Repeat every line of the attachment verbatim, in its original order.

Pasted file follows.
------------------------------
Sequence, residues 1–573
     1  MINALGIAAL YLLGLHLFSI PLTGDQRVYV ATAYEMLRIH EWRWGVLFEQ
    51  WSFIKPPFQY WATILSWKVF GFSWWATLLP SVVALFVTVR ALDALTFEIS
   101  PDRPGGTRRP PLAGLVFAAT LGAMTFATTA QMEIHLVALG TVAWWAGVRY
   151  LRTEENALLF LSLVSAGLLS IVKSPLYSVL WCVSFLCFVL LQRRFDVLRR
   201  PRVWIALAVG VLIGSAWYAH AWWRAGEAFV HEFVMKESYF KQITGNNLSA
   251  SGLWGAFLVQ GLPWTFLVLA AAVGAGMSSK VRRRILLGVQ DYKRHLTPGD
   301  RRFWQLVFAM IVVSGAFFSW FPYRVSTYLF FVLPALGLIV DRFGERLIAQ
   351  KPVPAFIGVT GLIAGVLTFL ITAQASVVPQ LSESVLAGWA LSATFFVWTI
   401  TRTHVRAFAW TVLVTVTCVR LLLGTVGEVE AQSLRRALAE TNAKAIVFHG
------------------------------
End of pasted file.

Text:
Sequence, residues 1–573
     1  MINALGIAAL YLLGLHLFSI PLTGDQRVYV ATAYEMLRIH EWRWGVLFEQ
    51  WSFIKPPFQY WATILSWKVF GFSWWATLLP SVVALFVTVR ALDALTFEIS
   101  PDRPGGTRRP PLAGLVFAAT LGAMTFATTA QMEIHLVALG TVAWWAGVRY
   151  LRTEENALLF LSLVSAGLLS IVKSPLYSVL WCVSFLCFVL LQRRFDVLRR
   201  PRVWIALAVG VLIGSAWYAH AWWRAGEAFV HEFVMKESYF KQITGNNLSA
   251  SGLWGAFLVQ GLPWTFLVLA AAVGAGMSSK VRRRILLGVQ DYKRHLTPGD
   301  RRFWQLVFAM IVVSGAFFSW FPYRVSTYLF FVLPALGLIV DRFGERLIAQ
   351  KPVPAFIGVT GLIAGVLTFL ITAQASVVPQ LSESVLAGWA LSATFFVWTI
   401  TRTHVRAFAW TVLVTVTCVR LLLGTVGEVE AQSLRRALAE TNAKAIVFHG